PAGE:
Born in North, South Carolina, famed singer and actress Eartha Kitt had a difficult childhood. Her mother abandoned her, and she was left in the care of relatives who mistreated her. Kitt was often teased and picked on because of her mixed-race heritage — her father was white, and her mother was African American and Cherokee.
Around the age of 8, Kitt moved to New York City to live with an aunt. There, she eventually enrolled in the New York School of Performing Arts. Around the age of 16, Kitt won a scholarship to study with Katherine Dunham, and later joined Dunham’s dance troupe. She toured with the group for several years before going solo. In Paris, Kitt became a popular nightclub singer. She was discovered in Europe by actor-director Orson Welles. Welles, who reportedly called her “the most exciting woman alive,” cast her as Helen of Troy in his production of Dr. Faustus.
Kitt became a rising star with her appearance in the Broadway review New Faces of 1952. In the production, she sang “Monotonous.” Her performance helped launch her music career with the release of her first album in 1954. The recording featured such signature songs as “I Want To Be Evil” and “C’est Si Bon,” as well as the perennially holiday classic “Santa Baby.”
On the big screen, Kitt starred opposite Nat King Cole in the W. C. Handy biopic St. Louis Blues (1958). She netted her one and only Academy Award nomination the following year, for her role as the title character in Anna Lucasta. In the film, Kitt plays a sassy young woman who is forced to use her womanly wiles to survive, starring opposite Sammy Davis Jr.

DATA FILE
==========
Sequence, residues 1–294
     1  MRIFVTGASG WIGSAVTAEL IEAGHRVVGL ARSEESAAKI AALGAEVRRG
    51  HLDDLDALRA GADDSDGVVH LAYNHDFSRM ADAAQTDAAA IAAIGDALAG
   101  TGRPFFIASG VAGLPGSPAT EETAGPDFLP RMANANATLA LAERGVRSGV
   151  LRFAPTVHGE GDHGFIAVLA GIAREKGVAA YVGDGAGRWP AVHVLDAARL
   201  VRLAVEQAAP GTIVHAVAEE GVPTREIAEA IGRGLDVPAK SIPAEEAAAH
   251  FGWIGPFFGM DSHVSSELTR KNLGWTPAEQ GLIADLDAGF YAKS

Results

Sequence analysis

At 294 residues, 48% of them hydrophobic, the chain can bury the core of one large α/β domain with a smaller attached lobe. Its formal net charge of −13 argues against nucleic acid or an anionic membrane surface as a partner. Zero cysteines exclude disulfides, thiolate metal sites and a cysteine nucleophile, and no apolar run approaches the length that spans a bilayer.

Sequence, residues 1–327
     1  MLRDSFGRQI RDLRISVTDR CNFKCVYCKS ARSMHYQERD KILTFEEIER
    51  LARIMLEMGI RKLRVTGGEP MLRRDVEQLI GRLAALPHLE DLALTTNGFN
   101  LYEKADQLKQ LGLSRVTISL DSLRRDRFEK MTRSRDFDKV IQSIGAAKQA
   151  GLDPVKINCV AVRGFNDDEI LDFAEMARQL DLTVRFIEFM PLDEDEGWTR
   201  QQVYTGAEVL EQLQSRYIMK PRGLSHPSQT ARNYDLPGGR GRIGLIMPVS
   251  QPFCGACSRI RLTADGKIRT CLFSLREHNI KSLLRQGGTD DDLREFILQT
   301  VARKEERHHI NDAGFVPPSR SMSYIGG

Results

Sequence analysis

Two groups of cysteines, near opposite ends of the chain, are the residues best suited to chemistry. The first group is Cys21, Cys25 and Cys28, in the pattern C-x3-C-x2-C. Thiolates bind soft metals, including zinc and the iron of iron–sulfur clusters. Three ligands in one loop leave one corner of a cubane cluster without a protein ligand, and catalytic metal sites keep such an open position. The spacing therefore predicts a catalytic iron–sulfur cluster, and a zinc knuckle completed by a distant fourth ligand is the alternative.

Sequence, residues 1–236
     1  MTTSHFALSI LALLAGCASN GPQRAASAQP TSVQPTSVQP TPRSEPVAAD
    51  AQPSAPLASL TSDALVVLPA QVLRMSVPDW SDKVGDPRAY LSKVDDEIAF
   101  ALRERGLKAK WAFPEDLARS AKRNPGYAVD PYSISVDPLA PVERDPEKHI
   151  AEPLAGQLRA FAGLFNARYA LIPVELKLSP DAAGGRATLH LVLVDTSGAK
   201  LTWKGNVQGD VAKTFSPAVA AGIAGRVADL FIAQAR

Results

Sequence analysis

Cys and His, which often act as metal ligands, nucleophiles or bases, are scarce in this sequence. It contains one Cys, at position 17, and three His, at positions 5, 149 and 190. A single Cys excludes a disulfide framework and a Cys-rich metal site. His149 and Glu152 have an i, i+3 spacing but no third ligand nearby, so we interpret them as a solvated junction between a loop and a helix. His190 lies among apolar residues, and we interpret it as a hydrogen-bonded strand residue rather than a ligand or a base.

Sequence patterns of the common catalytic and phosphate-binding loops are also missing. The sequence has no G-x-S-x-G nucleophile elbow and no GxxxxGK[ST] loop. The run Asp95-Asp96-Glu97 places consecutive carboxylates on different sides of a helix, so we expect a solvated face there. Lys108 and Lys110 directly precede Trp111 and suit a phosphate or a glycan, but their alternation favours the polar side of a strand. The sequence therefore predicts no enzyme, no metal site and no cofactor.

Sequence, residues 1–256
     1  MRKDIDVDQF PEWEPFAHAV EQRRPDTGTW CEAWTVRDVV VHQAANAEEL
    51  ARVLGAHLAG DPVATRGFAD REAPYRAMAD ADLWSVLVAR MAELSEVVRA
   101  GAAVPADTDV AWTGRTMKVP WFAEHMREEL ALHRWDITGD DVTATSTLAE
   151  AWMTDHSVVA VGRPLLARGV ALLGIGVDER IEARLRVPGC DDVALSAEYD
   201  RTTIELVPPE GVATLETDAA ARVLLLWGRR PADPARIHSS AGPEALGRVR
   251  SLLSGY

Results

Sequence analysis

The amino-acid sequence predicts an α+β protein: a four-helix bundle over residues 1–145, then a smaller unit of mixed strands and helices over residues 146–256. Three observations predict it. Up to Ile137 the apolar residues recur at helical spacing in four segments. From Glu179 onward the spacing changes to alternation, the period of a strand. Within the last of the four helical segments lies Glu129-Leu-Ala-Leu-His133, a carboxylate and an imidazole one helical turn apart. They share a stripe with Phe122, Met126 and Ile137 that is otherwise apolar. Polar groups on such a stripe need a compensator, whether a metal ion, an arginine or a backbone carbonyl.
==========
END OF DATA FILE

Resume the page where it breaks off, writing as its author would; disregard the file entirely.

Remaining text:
In the late 1960s, Kitt played one of her most famous parts — the villainous vixen “Catwoman.” She took over the role, on the TV series Batman, from Julie Newmar. Remarkably, Kitt only played Catwoman on a handful of episodes of the short-lived campy crime show, starring Adam West and Burt Ward, but she made the role her own with her lithe, cat-like frame and her distinctive voice. The series found a second life in reruns, and it remains on the air today.
Known for being blunt and short-tempered at times, Kitt found herself in a media firestorm in 1968. She attended a luncheon on the subject of juvenile delinquency and crime hosted by Lady Bird Johnson at the White House. At the event, Kitt shared her thoughts on the matter, telling the First Lady that “You send the best of this country off to be shot and maimed,” according to the Washington Post. “No wonder the kids rebel and take pot.” Her remarks against the Vietnam War offended Johnson and made headlines. Her popularity took a significant hit after that, and she spent several years mostly performing abroad.
In 1978, Kitt enjoyed a career renaissance with her performance on Broadway in Timbuktu! She earned a Tony Award nomination for her role in the play and received an invitation to the White House from President Jimmy Carter. In 1984, Kitt returned to the music charts with “Where Is My Man.” She continued to win acclaim for her music, including scoring a Grammy Award nomination for 1994’s Back in Business.
Final Years and Death
Throughout her adult life, Kitt had a tremendous work ethic. She kept up a busy work schedule well into her 70s. In 2000, Kitt netted a Tony Award nomination for her work in The Wild Party with Toni Collette. She picked up a Daytime Emmy Award for her vocal performance on the animated children’s series The Emperor’s New School that same year, and again in 2007.
For many years, Kitt performed her cabaret act at New York’s Cafe Carlyle. She continued to wow audiences as she had so many decades before when she was the toast of Paris. With her voice, charm, and sex appeal, Kitt knew how to win over a crowd.
Kitt learned that she had colon cancer in 2006, a disease that ended up taking her life on December 25, 2008.